SINGAPORE - Polyclinic patients will have a say in how studies to improve their care are conducted, with the launch of a research institute by SingHealth Polyclinics that ropes in patient advocates.

The Primary Care Research Institute (PCRI), launched on Tuesday by Senior Minister of State for Health Janil Puthucheary at Punggol Polyclinic, will have a group of 10 to 12 patient advocates who meet researchers regularly to discuss how study protocols can be made easier and more accessible for patients.

The institute said its research will enable clinicians to have a better understanding of patient behaviour and motivations to help them guide patients in managing their health conditions better.

It will have satellite research spaces in Eunos Polyclinic, the upcoming Tampines North and Kaki Bukit polyclinics, and the redeveloped Pasir Ris Polyclinic, said Clinical Associate Professor Tan Ngiap Chuan, director of research and PCRI at SingHealth Polyclinics.

There are around 50 research projects under the institute, ranging from treatment of chronic conditions like diabetes and hypertension to costs involved in using asthma inhalers, said Prof Tan.

Patients invited to be advocates underwent a day’s training on their roles and responsibilities, and how to pinpoint flaws in research methodology. 

Housewife Liew Mui Fong, 60, who has been involved in the initiative since September 2020, logs on to a Zoom meeting every three months to discuss the study protocols of at least two or three research projects.

One of these studies was about the psychological needs of mothers who had just given birth. Researchers needed the trial participants to complete a one-hour survey during polyclinic visits.

“From my perspective, when mothers take their babies to the polyclinic, they have to wait for their appointments and they could be tired. So maybe, the researchers should do the question and answer over a Zoom meeting when the mothers are at home,” said Madam Liew.

Prof Tan said the researchers took up her suggestion.

He added that feedback from the patient advocates can sometimes help SingHealth Polyclinics make better use of resources.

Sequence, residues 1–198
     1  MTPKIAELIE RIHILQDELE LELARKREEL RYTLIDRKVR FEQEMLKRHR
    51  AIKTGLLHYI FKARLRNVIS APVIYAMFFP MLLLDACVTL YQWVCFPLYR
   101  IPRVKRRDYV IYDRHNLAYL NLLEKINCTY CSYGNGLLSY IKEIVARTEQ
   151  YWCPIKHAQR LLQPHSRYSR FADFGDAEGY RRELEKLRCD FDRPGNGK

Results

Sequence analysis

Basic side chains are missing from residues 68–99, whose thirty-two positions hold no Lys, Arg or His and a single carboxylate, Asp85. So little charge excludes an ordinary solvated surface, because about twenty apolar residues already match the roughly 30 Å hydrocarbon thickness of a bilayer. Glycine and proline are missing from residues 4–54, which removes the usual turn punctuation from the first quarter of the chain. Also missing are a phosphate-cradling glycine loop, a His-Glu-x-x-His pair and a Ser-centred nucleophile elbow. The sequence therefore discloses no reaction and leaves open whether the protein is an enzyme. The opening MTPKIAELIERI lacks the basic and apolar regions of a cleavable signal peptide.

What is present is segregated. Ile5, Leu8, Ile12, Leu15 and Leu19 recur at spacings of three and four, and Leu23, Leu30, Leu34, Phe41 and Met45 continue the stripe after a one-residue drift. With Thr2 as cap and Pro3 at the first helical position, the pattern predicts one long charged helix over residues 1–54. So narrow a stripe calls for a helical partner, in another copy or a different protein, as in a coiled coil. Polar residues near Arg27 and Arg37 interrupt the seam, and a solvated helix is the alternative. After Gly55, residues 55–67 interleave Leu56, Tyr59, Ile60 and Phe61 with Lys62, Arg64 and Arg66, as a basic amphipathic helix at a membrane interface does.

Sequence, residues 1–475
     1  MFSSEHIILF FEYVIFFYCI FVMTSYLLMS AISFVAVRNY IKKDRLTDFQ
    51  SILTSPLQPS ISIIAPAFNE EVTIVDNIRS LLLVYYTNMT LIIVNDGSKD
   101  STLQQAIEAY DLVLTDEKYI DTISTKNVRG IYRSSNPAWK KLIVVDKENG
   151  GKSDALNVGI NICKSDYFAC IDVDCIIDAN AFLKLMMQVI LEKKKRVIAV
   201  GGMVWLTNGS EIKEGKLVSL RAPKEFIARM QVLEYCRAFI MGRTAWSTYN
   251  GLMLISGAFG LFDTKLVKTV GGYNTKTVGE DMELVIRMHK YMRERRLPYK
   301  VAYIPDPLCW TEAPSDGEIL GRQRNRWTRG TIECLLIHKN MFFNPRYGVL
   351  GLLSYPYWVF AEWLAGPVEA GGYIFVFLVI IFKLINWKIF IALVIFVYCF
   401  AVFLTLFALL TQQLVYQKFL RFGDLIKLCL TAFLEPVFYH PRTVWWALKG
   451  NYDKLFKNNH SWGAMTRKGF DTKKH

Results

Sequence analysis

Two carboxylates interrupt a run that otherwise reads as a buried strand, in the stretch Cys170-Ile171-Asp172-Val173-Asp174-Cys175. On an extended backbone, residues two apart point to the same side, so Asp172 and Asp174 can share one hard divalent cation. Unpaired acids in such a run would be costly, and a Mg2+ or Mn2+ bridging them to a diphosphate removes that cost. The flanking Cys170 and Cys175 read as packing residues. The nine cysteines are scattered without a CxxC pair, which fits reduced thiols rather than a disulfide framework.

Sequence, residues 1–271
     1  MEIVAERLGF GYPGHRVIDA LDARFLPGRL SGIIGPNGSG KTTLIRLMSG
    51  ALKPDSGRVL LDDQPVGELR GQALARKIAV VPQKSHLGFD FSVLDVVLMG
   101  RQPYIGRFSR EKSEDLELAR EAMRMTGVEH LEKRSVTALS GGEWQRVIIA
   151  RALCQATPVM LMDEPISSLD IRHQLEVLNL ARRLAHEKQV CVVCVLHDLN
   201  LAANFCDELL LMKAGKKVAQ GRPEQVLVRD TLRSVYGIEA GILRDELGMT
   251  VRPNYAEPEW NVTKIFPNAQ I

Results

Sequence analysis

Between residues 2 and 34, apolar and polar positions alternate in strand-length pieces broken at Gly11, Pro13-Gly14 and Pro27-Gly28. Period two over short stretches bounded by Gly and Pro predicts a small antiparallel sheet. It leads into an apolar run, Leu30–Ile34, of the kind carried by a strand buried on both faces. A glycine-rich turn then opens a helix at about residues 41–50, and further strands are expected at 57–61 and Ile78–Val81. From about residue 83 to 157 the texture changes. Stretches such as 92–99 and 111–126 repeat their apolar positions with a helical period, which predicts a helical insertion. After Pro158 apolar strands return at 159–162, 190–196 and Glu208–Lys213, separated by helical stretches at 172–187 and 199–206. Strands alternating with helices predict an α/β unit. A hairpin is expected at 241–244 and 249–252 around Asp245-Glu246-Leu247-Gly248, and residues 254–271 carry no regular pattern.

One study, for instance, wanted to find new ways to conduct blood pressure monitoring, with patients wearing a measuring device as they moved around in their normal daily lives.

One of the gadgets drew negative feedback from the patient advocates, making it likely that take-up by patients in the study would be poor. “If patient advocates give the feedback that it’s not likely they will use it, then perhaps researchers will want to modify it in a way patients are more receptive to it,” said Prof Tan.

In his speech at the event, Dr Janil said the PCRI is a platform to upskill primary care professionals like family doctors, nurses and allied health professionals, helping them to acquire research skills beyond their clinical practice.

“These professionals will be able to benefit from the PCRI’s workshops and e-learning platforms, which provide updates on evidence-based medicine and research methodology,” he said.

Other institutions carrying out research on family care include the Centre for Primary Health Care Research and Innovation, a joint initiative between Lee Kong Chian School of Medicine and the National Healthcare Group.

The PCRI also signed a memorandum of understanding with pharmaceutical company AstraZeneca and GP+ Co-operative, a cooperative with a network of more than 80 private clinics, to collaborate on how to help patients and their families manage their health conditions better.

Dr Janil said: “As a collaborative platform across polyclinics, private clinics and the industry, the PCRI is set to play an important role in responding quickly to key problem statements in primary care today, and conducting and translating research into concrete, implementable and cost-effective solutions that are needed.

Source: The Straits Times, Singapore Press Holdings Limited. Reproduced with permission.